How to Spot an Encroachment
Because encroachment agreements take time
Do you see the white retaining wall?
The retaining wall extends out toward the street and stops 0.65m from the back of the city sidewalk. Most people understand that the sidewalk and some portion of the front yard is actually city-owned property. In this example, the sidewalk is 2.29m from the property line. That number varies throughout the city, depending on the size of the road designation and the type of constructed road.
Permanent improvements, such as retaining walls which are built on city property, will need to be removed or the owner can apply for an encroachment agreement with the city.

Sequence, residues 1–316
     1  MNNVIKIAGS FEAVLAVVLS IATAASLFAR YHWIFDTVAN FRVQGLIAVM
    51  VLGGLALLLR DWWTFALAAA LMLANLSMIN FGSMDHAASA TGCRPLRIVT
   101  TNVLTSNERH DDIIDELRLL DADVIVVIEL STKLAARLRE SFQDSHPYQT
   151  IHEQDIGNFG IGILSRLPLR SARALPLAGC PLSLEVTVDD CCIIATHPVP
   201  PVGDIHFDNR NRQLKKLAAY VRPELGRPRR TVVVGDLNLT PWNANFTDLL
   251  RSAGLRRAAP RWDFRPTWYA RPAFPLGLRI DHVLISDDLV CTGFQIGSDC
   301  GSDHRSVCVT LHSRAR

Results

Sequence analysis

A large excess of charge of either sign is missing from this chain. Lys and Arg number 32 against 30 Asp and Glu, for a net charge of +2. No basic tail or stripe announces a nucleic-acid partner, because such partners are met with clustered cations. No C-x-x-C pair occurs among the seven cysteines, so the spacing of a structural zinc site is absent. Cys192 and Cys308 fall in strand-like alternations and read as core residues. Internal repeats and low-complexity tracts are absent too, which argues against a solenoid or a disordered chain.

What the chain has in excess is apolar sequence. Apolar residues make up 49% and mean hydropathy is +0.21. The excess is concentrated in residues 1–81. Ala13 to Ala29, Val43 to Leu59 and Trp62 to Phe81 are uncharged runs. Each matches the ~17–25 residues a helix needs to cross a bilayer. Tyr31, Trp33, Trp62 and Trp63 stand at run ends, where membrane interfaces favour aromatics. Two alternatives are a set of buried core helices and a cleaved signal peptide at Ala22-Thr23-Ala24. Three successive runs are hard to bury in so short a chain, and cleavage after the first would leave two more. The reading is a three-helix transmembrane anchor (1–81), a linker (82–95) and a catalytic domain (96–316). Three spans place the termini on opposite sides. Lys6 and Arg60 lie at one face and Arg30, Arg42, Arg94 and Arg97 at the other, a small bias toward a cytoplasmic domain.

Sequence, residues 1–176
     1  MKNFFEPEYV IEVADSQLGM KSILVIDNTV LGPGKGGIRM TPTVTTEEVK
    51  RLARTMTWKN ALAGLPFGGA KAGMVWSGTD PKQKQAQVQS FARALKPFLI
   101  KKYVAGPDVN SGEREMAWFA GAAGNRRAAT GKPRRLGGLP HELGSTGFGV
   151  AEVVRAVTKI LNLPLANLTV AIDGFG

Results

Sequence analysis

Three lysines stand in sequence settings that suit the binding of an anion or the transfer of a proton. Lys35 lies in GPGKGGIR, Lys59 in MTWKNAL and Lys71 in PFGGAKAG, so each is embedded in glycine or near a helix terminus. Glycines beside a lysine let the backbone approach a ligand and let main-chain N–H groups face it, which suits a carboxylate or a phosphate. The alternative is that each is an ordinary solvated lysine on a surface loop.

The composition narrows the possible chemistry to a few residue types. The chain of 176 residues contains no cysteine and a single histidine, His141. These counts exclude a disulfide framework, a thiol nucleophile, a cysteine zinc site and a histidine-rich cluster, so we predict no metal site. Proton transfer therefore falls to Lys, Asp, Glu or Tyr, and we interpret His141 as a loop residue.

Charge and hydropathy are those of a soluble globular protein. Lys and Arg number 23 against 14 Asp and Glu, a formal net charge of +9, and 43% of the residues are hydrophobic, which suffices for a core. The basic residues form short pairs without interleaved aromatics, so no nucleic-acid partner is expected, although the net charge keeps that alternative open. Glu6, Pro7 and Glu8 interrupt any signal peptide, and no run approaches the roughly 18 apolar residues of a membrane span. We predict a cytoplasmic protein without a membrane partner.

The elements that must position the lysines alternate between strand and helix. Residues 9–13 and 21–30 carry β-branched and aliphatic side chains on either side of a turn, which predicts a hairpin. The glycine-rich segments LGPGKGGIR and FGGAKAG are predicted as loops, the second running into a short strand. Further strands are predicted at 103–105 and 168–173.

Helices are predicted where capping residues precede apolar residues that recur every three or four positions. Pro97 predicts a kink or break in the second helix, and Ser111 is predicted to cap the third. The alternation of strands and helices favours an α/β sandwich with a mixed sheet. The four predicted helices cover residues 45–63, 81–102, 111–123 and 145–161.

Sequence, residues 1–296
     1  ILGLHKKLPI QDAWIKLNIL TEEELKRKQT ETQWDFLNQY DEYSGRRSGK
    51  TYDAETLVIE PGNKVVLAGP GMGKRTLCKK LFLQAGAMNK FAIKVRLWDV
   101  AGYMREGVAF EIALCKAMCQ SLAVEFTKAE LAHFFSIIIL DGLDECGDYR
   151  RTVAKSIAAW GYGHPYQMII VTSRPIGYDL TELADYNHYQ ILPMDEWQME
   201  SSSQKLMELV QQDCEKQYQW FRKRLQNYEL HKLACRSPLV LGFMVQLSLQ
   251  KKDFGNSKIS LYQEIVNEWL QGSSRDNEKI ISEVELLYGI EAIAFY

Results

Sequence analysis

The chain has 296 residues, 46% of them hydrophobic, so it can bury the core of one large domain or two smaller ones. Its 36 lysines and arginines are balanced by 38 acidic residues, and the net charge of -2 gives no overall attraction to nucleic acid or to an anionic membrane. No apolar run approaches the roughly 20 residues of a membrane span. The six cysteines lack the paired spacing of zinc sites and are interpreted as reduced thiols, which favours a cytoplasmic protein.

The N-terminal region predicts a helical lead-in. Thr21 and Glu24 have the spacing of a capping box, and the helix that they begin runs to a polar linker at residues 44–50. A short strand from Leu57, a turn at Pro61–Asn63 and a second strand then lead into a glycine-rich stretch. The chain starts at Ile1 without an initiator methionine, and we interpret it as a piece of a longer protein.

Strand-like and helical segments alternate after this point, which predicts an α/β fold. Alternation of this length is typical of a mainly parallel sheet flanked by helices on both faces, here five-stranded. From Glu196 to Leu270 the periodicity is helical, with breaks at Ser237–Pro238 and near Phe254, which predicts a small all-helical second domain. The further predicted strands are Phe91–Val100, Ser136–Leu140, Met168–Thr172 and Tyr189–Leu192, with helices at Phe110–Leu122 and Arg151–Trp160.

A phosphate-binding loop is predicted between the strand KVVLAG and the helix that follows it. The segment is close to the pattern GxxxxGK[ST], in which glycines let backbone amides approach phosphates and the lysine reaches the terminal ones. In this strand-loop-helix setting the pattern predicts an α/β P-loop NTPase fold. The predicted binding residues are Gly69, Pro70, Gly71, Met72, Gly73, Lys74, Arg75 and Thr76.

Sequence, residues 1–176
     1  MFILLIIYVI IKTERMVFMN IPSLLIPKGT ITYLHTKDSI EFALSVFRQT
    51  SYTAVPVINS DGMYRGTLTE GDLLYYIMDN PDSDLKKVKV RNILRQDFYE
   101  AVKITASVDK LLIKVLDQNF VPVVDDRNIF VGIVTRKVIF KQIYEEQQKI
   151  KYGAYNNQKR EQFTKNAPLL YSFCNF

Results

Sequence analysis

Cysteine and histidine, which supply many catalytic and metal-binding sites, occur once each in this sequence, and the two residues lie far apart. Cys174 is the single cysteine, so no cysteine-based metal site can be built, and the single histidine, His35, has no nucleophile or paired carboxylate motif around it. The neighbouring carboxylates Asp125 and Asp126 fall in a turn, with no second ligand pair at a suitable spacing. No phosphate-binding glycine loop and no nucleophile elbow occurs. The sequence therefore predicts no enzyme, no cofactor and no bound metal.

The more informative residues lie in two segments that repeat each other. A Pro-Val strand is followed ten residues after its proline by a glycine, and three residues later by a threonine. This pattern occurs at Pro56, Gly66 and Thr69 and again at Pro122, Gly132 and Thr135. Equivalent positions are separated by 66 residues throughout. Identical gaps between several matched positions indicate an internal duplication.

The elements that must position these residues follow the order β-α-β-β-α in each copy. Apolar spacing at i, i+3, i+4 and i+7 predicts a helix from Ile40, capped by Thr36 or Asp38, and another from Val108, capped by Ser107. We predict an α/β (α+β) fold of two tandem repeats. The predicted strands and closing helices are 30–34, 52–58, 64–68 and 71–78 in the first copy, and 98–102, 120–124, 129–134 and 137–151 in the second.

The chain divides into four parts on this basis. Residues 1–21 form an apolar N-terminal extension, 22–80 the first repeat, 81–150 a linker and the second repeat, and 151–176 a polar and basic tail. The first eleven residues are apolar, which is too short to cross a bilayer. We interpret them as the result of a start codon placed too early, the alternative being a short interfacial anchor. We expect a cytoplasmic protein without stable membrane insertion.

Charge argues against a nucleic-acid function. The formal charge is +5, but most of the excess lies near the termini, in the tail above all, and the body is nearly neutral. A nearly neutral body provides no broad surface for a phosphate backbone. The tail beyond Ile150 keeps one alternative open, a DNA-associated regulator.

What happens next?
Once the Real Property Report was complete, and the Certificate of Compliance was issued, we submitted an application for an Encroachment Agreement with the City. This process has additional time and cost requirements which can affect the real estate transaction. (Fees and times are dependent on the specific situation.)
The city’s approval of the encroachment will typically include a copy of the Real Property Report and a number of stipulations. One key point, the city will be allowed to request removal of the encroachment with 30 days notice. This agreement is then added to the title and remains in force on the property.
For more information, have a look at this page:
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